Alternate History

French Socialism (French Trafalgar, British Waterloo)

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French Socialism, also known as the Imperial Welfare Plan, and the Imperial Welfare Scheme by detractors, is a more moderate form of the Socialism expounded by Karl Marx, in which the state has the duty to look after every citizen, no matter their financial or medical problems or needs, but had limited to no place in the business sector.

The program itself was mostly created after the Second Great European War, and wasn't officialy codified until 1882, but roots for it stretch back to Emperor Napoleon I, when he disbanded his armies, and provided resources and education in order to help the soldiers returning home find work, and help create a stable economy, in contrast to the British, who had no plan to ensure the men released from the army and navy could find jobs, and so the nation was plunged into economic chaos.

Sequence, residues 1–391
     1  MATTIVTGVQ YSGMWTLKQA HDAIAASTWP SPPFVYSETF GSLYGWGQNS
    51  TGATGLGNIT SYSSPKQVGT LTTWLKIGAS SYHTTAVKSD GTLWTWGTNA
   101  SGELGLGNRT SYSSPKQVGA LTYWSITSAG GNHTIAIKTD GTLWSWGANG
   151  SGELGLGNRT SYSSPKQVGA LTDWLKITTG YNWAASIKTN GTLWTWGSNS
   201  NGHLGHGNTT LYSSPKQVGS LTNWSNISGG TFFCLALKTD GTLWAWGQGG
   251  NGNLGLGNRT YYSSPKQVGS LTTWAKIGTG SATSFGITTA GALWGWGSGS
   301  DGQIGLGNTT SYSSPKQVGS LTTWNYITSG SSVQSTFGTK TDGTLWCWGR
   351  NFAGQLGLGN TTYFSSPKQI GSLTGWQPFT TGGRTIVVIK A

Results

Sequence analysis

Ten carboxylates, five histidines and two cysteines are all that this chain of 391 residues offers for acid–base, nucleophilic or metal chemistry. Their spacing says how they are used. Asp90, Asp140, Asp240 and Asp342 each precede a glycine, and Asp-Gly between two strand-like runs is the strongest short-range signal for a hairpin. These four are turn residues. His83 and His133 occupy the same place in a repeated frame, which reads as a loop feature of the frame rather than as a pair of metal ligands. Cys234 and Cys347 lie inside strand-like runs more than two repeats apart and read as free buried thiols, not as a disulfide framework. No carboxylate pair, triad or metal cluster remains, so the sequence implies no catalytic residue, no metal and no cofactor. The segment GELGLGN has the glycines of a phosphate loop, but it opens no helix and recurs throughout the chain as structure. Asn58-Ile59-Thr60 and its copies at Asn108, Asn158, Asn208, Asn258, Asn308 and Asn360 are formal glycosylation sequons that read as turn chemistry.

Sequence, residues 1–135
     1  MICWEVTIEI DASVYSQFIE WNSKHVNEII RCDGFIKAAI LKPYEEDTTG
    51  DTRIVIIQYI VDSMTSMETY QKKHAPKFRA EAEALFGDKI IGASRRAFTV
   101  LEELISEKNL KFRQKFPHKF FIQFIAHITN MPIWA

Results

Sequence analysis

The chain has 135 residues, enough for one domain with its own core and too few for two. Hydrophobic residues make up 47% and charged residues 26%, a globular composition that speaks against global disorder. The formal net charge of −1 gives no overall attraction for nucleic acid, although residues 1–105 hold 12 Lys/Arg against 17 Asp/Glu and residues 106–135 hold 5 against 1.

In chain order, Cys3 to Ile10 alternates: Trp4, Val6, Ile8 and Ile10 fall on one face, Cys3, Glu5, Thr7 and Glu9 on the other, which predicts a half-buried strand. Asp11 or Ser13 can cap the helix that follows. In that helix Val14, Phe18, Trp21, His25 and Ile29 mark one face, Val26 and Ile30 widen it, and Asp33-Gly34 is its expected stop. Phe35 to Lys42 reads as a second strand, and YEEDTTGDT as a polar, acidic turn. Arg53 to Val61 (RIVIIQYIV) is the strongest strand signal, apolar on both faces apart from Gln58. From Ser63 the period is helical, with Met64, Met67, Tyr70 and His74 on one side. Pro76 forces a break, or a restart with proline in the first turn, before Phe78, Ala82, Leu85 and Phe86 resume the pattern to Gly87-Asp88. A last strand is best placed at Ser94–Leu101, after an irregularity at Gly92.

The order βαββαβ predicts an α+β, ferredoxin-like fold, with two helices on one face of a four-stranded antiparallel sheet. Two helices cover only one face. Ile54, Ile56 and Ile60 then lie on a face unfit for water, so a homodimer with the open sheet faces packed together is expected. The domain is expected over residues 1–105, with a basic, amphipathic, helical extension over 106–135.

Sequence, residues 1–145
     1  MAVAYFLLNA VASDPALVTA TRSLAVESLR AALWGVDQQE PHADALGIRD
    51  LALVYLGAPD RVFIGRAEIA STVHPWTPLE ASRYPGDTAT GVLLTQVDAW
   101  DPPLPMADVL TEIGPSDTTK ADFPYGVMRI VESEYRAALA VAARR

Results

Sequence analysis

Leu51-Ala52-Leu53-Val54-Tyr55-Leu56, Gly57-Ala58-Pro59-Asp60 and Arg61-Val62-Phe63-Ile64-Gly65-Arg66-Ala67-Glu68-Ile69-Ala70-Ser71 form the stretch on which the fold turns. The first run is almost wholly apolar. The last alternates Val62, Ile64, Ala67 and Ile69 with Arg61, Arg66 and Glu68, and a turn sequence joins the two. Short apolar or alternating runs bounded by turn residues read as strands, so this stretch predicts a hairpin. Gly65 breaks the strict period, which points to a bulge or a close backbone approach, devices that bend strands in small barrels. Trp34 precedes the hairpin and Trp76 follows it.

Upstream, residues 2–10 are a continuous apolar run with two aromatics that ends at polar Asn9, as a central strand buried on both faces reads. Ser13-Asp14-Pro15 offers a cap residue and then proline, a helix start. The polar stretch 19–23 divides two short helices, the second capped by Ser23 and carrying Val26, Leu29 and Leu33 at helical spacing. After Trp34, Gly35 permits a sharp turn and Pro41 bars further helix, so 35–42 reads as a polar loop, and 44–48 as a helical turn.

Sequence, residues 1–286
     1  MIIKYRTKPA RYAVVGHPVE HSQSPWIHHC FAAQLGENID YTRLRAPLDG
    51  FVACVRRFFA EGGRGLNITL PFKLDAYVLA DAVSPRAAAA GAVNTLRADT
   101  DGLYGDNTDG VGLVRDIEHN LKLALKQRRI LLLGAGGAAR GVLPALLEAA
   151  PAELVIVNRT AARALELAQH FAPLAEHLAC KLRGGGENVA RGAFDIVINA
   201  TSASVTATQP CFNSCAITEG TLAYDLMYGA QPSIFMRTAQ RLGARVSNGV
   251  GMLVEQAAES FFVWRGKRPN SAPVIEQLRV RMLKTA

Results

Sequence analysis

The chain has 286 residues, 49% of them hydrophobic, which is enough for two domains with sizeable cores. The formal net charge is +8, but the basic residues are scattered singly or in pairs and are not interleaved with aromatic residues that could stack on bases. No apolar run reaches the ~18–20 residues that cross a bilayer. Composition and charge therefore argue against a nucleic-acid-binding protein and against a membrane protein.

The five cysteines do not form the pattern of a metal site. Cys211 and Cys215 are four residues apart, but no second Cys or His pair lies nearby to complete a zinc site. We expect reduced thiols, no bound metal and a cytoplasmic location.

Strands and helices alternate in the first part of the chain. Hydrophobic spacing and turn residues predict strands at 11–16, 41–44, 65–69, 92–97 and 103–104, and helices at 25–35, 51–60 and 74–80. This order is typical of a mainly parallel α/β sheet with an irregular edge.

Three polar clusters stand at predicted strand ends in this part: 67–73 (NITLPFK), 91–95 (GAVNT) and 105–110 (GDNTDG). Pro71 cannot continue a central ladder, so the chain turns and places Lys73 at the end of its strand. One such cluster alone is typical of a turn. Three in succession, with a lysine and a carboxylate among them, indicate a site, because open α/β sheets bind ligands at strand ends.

The program created old age pensions, reduced healthcare costs and the public school system that would educate those who could not afford to attend the schools for the rich. However, many conservatives called this the "First step to Marx," and tried to actively oppose it, but due to the efforts of Premier Alfred Dreyfus, and with support from Emperor Louis, the myriad of laws and bills were passed through the Imperial Assembly in between 1882 and 1891. The system would later be expanded to include a minimum wage in 1908 and free Healthcare in 1919.

As the rise of the Sorelist ideology began to gain hold in France, the particular brand of Socialism that France became known for slowly fell by the wayside, though the majority of the improvements brought along by French Socialism remained, and was even expanded by Sorelist governments in the 1930's, and further after the Third Global War.

In other nations, such as the United States of America and Russia, the particular brand of left wing politics that could also be termed "French Socialism" was known as "New Democracy" in America (and a major standpoint of the Socialist Party from the later 1800's up to the present. A similar idea in Russia, with its basis in the Liberal movement in the 1830's, was also a driving force throughout the last years of the Russian Empire and the start of the Republic.

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